The Probate Guide to Fraudulent Misrepresentation

Fraudulent misrepresentation, occurs when a false statement is knowingly made about an important fact, with the intent that the representation will cause another to act upon it, and the party relying on the representation is injured or damaged as a result. This can be the basis of legal action in some probate situations. When an individual makes a false statement, knowing that it is false and intending for another person to act on it, they may have committed fraudulent misrepresentation.

What are the four elements of fraudulent misrepresentation in probate?

Under Florida law, there are four elements of fraudulent misrepresentation in probate:

  1. Making a false statement about a material fact
  2. Knowing that the representation is false
  3. Intending for the representation induce another to act on it
  4. Causing injury by the party acting in reliance on the representation

 Fraudulent misrepresentation may also occur when someone should have known a statement was false or if a party intentionally withholds information.

However, not every false statement can lead to a claim of fraudulent misrepresentation.  The statement must be about a material fact. A fact is considered material when it plays an essential role in the decision making of an individual. A fact may be considered material if an individual would not have taken the action they did but for the false statement.

How do you prove fraudulent misrepresentation?

To prove fraudulent misrepresentation, the elements above must be proved. Additionally there must be detailed factual evidence to support each of the four elements of the claim.

Can you sue for false representation in a will or trust?

Yes, you can sue for false representation in a will or trust.

 Probate fraudulent misrepresentation litigation occurs when an interested party has a claim for fraud. However, to substantiate your claim, you must be able to provide detailed factual evidence  to satisfy each of the four elements of fraudulent misrepresentation.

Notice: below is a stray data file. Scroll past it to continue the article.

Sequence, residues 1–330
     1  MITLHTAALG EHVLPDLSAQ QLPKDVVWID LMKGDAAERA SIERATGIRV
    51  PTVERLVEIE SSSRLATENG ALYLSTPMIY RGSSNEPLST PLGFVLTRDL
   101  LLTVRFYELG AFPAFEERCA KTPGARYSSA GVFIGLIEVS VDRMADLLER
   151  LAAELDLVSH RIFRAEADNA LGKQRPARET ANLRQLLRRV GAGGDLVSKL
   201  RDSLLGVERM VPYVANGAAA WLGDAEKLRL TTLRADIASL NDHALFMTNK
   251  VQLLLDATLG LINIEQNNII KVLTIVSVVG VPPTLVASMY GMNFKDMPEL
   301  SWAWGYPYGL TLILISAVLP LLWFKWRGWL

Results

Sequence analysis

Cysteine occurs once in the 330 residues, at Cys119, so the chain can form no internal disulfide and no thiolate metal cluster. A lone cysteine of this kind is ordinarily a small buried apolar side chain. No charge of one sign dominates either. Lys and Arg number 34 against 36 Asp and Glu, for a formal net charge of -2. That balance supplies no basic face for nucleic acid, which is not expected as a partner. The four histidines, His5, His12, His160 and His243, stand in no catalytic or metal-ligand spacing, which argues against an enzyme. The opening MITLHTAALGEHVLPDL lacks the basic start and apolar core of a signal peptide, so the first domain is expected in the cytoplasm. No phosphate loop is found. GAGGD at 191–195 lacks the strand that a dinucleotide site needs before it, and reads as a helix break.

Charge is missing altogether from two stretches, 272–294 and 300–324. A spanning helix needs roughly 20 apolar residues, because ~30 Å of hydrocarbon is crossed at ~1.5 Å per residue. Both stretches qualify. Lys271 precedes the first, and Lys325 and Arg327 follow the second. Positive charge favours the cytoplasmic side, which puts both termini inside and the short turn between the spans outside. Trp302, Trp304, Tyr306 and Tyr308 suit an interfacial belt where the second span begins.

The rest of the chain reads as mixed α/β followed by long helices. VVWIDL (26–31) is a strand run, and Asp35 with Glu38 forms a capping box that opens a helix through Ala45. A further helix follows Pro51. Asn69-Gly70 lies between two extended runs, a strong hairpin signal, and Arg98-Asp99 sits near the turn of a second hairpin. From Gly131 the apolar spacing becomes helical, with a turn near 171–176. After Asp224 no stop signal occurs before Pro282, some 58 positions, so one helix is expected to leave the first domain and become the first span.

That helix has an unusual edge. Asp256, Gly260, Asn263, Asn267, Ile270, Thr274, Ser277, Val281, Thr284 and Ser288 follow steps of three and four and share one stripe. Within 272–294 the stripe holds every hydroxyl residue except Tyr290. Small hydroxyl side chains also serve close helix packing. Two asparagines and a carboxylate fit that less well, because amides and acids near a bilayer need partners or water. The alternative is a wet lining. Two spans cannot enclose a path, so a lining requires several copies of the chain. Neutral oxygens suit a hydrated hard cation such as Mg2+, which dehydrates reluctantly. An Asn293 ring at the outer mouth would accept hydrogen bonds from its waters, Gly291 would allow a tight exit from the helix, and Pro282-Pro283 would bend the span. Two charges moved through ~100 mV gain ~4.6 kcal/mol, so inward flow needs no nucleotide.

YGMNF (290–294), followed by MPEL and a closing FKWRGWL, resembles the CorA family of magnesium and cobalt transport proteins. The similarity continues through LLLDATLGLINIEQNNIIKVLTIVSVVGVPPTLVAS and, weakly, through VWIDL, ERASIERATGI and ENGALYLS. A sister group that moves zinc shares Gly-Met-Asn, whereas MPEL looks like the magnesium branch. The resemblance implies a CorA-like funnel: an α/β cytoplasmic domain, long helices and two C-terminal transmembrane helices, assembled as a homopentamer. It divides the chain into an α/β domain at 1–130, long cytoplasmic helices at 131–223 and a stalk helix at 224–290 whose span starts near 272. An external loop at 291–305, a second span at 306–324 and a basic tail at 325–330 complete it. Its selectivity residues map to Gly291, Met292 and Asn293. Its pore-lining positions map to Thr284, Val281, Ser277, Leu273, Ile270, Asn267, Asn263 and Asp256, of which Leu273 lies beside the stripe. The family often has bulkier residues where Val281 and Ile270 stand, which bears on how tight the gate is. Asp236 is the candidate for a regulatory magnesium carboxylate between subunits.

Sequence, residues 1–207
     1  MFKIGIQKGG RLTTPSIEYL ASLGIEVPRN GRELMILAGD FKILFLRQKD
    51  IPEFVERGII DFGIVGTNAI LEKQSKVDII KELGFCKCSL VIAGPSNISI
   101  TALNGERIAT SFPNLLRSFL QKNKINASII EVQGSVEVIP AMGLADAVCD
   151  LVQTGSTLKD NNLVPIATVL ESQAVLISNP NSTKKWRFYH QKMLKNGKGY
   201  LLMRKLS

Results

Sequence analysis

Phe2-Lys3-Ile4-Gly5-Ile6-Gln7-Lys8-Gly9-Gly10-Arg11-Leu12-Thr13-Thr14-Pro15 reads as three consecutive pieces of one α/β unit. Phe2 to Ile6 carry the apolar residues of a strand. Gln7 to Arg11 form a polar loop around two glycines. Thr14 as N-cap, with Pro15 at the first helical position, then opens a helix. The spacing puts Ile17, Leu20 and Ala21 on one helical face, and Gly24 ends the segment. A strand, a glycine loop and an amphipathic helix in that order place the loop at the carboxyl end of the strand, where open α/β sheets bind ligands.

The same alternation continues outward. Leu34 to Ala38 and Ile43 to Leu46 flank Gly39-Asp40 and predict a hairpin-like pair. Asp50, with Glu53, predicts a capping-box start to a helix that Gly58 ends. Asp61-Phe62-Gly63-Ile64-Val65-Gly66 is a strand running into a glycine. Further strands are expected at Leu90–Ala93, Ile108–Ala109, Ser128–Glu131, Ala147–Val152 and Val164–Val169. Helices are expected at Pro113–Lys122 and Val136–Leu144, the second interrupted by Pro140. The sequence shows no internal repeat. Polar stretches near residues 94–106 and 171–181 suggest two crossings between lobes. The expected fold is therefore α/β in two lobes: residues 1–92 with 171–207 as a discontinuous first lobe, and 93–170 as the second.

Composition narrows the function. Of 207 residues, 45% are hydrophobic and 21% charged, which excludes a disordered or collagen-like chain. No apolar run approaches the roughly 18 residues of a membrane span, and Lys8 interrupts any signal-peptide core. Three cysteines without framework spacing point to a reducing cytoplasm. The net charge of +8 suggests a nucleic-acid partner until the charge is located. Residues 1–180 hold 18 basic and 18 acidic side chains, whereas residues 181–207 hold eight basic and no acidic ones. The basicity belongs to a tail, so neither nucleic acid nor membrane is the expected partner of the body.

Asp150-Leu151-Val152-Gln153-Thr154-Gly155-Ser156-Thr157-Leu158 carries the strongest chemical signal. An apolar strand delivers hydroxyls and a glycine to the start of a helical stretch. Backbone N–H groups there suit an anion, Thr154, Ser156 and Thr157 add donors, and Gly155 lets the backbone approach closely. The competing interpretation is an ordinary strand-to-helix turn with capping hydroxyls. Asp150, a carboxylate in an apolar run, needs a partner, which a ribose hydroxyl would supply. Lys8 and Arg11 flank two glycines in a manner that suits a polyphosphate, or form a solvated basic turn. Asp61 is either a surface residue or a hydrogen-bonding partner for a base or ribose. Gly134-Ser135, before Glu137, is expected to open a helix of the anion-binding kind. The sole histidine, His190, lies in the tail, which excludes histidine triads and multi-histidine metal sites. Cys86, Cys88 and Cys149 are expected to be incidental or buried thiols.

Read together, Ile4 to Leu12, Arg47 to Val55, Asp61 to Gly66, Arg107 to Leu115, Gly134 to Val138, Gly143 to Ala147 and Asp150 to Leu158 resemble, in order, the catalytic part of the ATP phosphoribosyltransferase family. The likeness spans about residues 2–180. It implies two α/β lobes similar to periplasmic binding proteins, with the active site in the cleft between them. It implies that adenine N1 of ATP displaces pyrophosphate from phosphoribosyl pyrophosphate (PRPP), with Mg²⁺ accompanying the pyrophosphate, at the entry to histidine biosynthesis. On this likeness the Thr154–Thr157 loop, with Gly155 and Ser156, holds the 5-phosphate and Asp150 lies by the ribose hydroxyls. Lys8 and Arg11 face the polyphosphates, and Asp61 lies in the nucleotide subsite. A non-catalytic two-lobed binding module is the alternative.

A few examples of situations where fraudulent misrepresentation may occur include:

  • Undue influence, coercion, or fraud in the creation of a trust or will
  • Will contests and administrator appointment hearings
  • Executor or trustee fraud
  • Power of attorney abuse
  • Formal accountings
  • Spousal elective share fraud

What is fraudulent vs negligent representation?

Fraudulent representation occurs when someone intentionally misrepresents a material fact, whereas negligent representation involves someone transmitting a misrepresentation but may not necessarily know it is false. 

Under Florida law, there are two separate legal theories you can use to recover for injuries caused by misrepresentations: fraudulent misrepresentation and negligent misrepresentation.  While the two causes of action are very similar, fraudulent misrepresentation requires someone to intentionally make a false statement or withhold a material fact. Negligent representation, on the other hand, occurs when a party makes a false statement but does not know that it is false. 

When do I need a probate attorney?

If you believe that someone has misrepresented information at any stage of the probate process or in the creation of a will or trust, you should contact a probate attorney. With the guidance of an experienced probate lawyer, you may be able to use a claim of fraudulent or negligent misrepresentation to challenge a fraudulently executed will or remove a thieving executor. 

Even if your situation does not meet the elements of fraudulent or negligent misrepresentation, there are many different ways a probate attorney can protect your inheritance rights. You should consult with a probate lawyer as soon as you suspect fraud.

Have questions? We’re happy to discuss.

Call (786) 761-8333 or email [email protected]

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About RMO Lawyers, LLP

RMO LLP provides personal and efficient inheritance dispute services to individual and institutional clients. The firm’s attorneys focus on probate litigation involving contested trust, estate, probate, and conservatorship matters. Serving California and Texas, with offices in Los Angeles, Pasadena, Orange County, San Diego, Fresno, the Bay Area, Dallas, and Houston. For more information, please visit

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About the Author

Scott Rahn, Founding Partner

Scott Rahn resolves contests, disputes and litigation related to trusts, estates and conservatorships, creating a welcome peace of mind for clients. He represents heirs, beneficiaries, trustees and executors. He utilizes his experience to develop and implement strategies that swiftly and efficiently address the financial issues, fiduciary duties and emotional complexities underlying trust contests, estates conflicts and probate litigation.

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